Australia has developed an extensive research protocol with results that prove Japan's and Iceland's lethal scientific research whaling is simply not necessary.
The 10-year research program of Antarctic marine ecosystems was conducted by Australian experts without any killing of whales, yet shows detailed scientific evidence on the role of whales, their food habits, and other aspects of the ecosystem. The Australian research closely mimics the goals of Japan's so-called "scientific" whaling.
"(Our research) demonstrates once and for all, if it needed to be demonstrated, that the so-called scientific programs of the countries like Japan, Norway and Iceland, are a sham," stated Senator Ian Campbell, Australian Environment Minister. Campbell noted that his government would supply Japan, Iceland, and Norway with the research data and results from the studies.
Campbell noted: "It needs to underscore to all of the people of the world, the IWC and everybody else in the world, the incredible importance of whale conservation and the fact that destroying them is in fact not science, not justified and worse, it's done in the name of science."
But Hideki Moronuki of the Japanese Fishery Agency responds: "But as Japan repeatedly explained-that in order to establish an appropriate management scheme for whaling, we need both lethal and non-lethal research."
Japan's whaling is a sham to keep commercial whaling viable.
Japan's recruitment of countries through vote-buying schemes is in full swing as the IWC opens today. The voting status of at least ten countries is still uncertain, pending the payment of dues and the deposit of formal instruments to join the IWC.
While a majority of pro-whaling countries cannot end the moratorium on commercial whaling (amending the Schedule requires three-quarters vote of the IWC), there are a number of threats to whales from a pro-whaling majority, including:
A dozen countries have filed diplomatic demarches against whaling by Japan and Norway in the continuing controversy over the violation of the 1986 IWC Moratorium on commercial whaling.
Citing Norway's objection to the whaling ban and consequent commercial whaling and Japan's questionable "scientific" whaling scheme, the United Kingdom, Australia, New Zealand, Argentina, Belgium, Brazil, the Czech Republic, the Netherlands, and Spain signed the two demarches presented this spring to Japan and Norway.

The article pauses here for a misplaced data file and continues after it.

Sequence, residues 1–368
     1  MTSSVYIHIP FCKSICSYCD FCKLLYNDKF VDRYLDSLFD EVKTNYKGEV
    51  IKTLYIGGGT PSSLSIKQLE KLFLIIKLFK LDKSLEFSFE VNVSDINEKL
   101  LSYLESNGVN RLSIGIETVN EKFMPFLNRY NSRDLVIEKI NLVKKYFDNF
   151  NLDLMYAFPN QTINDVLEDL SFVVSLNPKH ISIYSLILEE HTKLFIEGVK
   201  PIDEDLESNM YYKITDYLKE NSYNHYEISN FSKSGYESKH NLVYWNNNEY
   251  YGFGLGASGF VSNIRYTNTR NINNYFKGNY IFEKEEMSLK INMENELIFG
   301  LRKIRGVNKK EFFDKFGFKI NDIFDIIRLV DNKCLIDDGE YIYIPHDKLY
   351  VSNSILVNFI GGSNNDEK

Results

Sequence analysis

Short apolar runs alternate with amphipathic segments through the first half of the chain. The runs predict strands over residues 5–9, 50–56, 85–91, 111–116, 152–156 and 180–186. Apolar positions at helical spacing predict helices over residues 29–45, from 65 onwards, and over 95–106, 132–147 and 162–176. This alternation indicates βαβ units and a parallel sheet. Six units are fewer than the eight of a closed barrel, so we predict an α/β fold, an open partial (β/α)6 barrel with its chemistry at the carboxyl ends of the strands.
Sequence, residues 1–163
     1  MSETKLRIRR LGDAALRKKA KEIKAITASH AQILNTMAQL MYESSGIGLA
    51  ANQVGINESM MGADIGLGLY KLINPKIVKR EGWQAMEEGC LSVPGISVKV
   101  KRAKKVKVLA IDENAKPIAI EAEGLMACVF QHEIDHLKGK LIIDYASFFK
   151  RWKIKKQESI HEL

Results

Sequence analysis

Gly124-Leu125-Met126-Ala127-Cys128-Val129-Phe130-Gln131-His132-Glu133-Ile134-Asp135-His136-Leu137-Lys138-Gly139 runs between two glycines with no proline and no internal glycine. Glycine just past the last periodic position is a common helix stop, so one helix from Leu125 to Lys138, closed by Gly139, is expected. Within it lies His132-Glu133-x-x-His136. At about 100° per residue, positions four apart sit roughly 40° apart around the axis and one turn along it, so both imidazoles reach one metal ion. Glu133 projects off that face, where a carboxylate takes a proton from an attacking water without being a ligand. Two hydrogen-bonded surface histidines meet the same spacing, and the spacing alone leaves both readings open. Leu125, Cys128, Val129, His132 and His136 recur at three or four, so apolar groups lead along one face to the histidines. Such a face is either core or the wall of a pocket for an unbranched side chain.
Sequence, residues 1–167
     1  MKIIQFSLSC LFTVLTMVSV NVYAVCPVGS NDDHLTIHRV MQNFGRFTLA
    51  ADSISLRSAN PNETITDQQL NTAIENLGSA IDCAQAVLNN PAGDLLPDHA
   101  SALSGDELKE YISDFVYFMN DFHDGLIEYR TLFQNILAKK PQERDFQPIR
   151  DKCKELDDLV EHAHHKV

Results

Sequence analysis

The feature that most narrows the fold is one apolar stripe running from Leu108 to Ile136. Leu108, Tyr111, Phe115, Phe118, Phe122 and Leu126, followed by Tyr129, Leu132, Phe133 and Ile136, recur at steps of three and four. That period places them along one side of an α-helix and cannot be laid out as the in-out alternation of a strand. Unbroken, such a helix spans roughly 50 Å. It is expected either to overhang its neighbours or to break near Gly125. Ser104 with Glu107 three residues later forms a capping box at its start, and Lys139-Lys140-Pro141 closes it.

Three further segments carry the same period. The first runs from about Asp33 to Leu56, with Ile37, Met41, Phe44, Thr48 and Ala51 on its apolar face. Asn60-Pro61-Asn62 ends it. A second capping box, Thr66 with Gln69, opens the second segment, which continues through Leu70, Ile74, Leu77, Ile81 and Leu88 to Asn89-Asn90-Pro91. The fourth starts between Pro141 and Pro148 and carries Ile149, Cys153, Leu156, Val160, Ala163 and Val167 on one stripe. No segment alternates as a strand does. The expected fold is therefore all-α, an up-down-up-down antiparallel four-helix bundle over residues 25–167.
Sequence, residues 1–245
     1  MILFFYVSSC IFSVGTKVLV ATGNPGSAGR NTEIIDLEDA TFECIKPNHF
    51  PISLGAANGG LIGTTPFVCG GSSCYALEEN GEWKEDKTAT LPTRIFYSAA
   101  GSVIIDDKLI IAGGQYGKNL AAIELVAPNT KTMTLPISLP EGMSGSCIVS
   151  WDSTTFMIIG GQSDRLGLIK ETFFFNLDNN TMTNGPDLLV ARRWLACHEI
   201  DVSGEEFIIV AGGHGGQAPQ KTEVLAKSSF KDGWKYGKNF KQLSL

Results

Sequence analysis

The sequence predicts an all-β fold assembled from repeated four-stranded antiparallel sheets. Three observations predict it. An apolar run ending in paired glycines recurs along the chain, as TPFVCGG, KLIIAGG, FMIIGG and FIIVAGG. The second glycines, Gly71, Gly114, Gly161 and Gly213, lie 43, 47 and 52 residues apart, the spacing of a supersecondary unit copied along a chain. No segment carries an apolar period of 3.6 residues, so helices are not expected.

Stated the British Fisheries Minister, Ben Bradshaw, "The UK and many other countries remain strongly opposed to Norway's existing and unnecessary lethal whaling activities, and we urge Norway to stop them."
"They (whaling nations) have basically thumbed their nose at the IWC, they thumbed their nose at the International community who have overwhelmingly stated there should be no slaughter of whales," said Australian Environmental Minister Senator Ian Campbell. "It's something that should be put into a previous century - it doesn't belong in this century - there are many cultures and traditions that don't belong in a modern world."
New Zealand's Conservation Minister Chris Carter noted: "Australia and New Zealand are probably the world's two leading (marine) conservation countries."
Officials of the two whaling nations immediately denounced the effort. "We cannot really take this seriously," said Rune Bjaasted, spokesperson for the Norwegian Foreign Ministry.
The IWC instituted a moratorium on commercial whaling in 1986. Now, twenty years later, commercial whaling continues, often under the guise of "research." How many whales have died during this moratorium?
Japan, Norway, and Iceland have killed more than 27,000 whales since the moratorium went into effect. In the 2004-05 season alone, 1,324 whales have been killed, including ten critically endangered fin whales killed by Japanese whalers in Antarctica for the first time. Japan repeatedly claims that they ONLY kill whales that are not endangered-in fact, Japan has a very long sad history of killing endangered and protected whales.
Japan is getting very desperate trying to rid itself of thousands of pounds of dead whale meat that consumers will not buy. This surplus undercuts the claims by the Japanese Fisheries Agency that whaling is somehow needed to provide Japan with meat for the future.
It is estimated that by 2005, Japan had stockpiled 4,800 tons of whale meat in storage - whale meat the government has been unable to shove it down consumer throats. Yet, Japan is increasing the killing of whales for their so-called "scientific research" whaling, including doubling the number of minke whales killed in the Antarctic and killing endangered species such as humpback and fin whales.
School children are one target audience-the Japanese government is promoting whale burgers and other whale meat lunches for schools throughout Japan. Colorful brochures reportedly praise the meat and call whaling a national heritage.
But schoolchildren, like most Japanese, don't particularly like the discount whale meat for lunch or any other meal. Unlike consumers in supermarkets, though, they are unable to avoid it.